Big Idea

How Shiprocket became India’s leading e-commerce logistics aggregator

What Zomato or Swiggy is to the food industry, this ₹1 billion-start-up is to e-commerce logistics  

PIVOT CHAMPIONS (L-R): Shiprocket’s CTO Sunil Kumar, director Vishesh Khurana, se- nior VP Gautam Bansal, CEO Saahil Goel, CBO Akshay Ghulati, COO Gautam Kapoor

It’s a ship… it’s a rocket… it’s a platform for small scale e-commerce businesses to manage their orders and shipments. It’s Shiprocket. We know about courier services such as Blue Dart, Delhivery, DHL and Ecom Express. Major platforms and businesses have tied up with them to fulfil their orders, but what about the SMEs that do not have the wherewithal to partner with say Blue Dart directly? 

They may not have huge volume every month and thus, shy away from subscribing to the courier service’s monthly, quarterly or annual package. 

Enter Shiprocket. The e-commerce logistics aggregator allows direct-to-consumer (D2C) businesses to flexibly choose their courier partner for every order, after comparing prices and assessing the track record of each service. Today, it is the largest aggregator with a network of over 85,000 sellers, servicing 26,000 pin codes. But, the road to adopting a successful business model has been a tough one for the founders — Saahil Goel, Gautam Kapoor and Vishesh Khurana. 

“We had worked through many business models, failed and finally bounced back. But, the core of our business remained constant: e-commerce, SMEs and technology,” says Goel, who is also the CEO of the company. 

Rocket launcher
Under BigFoot Retail Solutions, they first founded Kartrocket in 2012, a B2B e-commerce SaaS service provider to help small and medium merchants create their online shopping site, enable online payments gateway and sell their products — all at a cost of Rs.3,000/month. Then, when apps such as Facebook and WhatsApp became omnipresent, they launched Kraftly, a C2C marketplace for homepreneurs, in 2015. They had more than 1,000 sellers on the platform, but instead of being a savvy SaaS platform, they ended up spending most of their resources in assisting and advising small business owners. “Some sellers with just 50 products were asking us to build a Flipkart-like website,” recalls Goel. But, competing with Amazon and Flipkart would just not be prudent. They realised that most of their clients were anyway listed on those major e-commerce platforms, but were using Kraftly for its shipping feature. Unlike e-commerce websites, which shipped in bulk, Kraftly would allow small shipping orders from Tier-II and Tier-III cities. For instance, if 100 sellers chose courier A on Kraftly, the platform could aggregate the orders and thus offer lower rates for an individual seller.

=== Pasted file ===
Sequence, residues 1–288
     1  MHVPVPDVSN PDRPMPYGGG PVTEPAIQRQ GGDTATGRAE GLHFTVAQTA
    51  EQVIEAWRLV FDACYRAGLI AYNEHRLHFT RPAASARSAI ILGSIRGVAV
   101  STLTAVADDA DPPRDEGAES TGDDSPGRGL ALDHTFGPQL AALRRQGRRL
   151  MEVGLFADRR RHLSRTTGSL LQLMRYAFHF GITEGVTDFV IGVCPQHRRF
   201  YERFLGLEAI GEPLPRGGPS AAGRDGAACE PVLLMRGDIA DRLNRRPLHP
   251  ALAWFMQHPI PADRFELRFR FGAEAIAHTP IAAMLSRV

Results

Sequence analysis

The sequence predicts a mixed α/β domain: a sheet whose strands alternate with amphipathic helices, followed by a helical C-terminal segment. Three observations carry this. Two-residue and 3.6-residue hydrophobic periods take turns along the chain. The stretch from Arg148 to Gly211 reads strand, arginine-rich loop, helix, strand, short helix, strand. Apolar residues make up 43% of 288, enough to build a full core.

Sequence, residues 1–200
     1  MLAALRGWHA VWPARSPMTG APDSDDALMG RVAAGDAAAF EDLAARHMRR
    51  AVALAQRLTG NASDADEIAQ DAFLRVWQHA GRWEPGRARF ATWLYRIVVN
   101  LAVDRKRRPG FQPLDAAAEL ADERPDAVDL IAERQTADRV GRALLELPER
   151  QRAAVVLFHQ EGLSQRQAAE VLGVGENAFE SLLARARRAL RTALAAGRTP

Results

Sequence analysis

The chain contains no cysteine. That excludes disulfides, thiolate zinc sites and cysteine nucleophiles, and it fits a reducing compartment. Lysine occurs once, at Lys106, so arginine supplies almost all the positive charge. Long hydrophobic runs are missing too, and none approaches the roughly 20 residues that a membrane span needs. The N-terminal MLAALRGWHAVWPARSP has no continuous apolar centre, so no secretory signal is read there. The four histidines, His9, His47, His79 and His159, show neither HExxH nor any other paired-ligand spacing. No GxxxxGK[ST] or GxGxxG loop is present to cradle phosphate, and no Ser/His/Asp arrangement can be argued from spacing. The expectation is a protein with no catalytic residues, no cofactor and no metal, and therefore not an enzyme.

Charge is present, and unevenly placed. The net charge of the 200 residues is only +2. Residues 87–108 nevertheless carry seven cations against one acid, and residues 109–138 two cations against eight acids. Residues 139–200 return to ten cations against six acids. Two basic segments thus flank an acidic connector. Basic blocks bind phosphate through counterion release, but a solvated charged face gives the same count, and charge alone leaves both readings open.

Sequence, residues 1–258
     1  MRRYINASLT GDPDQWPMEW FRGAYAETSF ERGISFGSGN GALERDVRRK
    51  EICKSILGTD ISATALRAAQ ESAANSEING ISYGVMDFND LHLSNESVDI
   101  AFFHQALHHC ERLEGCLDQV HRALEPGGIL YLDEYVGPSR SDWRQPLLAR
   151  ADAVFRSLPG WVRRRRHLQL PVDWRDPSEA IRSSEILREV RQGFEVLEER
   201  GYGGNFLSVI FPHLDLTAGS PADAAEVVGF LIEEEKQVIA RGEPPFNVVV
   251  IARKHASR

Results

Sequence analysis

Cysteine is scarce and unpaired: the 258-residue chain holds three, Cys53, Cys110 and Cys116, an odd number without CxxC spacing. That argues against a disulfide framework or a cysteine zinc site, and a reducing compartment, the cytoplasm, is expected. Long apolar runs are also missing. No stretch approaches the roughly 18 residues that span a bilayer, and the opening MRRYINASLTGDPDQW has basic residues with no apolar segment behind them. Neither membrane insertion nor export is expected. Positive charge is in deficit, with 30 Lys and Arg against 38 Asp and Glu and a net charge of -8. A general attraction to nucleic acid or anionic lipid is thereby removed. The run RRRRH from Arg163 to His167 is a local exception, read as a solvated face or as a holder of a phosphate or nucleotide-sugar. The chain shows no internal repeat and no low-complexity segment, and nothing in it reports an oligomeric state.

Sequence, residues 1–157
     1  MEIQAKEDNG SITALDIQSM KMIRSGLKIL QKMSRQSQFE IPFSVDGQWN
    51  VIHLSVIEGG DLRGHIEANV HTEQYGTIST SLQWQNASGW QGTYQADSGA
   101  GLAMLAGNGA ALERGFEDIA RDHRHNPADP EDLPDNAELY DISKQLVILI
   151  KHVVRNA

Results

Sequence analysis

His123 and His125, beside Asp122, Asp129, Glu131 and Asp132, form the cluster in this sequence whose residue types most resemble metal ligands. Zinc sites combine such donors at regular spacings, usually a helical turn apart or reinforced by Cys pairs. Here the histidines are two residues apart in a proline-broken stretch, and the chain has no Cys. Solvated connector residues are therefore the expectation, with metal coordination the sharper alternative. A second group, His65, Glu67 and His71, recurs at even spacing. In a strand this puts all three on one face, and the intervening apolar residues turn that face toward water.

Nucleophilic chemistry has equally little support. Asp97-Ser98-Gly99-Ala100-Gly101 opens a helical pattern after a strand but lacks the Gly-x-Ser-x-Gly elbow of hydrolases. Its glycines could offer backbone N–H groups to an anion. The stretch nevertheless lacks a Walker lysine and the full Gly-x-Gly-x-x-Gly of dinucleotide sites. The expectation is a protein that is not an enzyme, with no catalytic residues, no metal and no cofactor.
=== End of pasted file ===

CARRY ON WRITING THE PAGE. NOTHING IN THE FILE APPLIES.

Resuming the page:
Kraftly’s founders realised there was big money and scalability here, in facilitating shipments. Thus, Shiprocket was founded in 2016 and Kraftly was rebranded as Shiprocket Social in 2018. Meanwhile, Kartrocket was rebranded as Shiprocket 360, which manages order and inventory, customer relationship and marketing and branding solutions.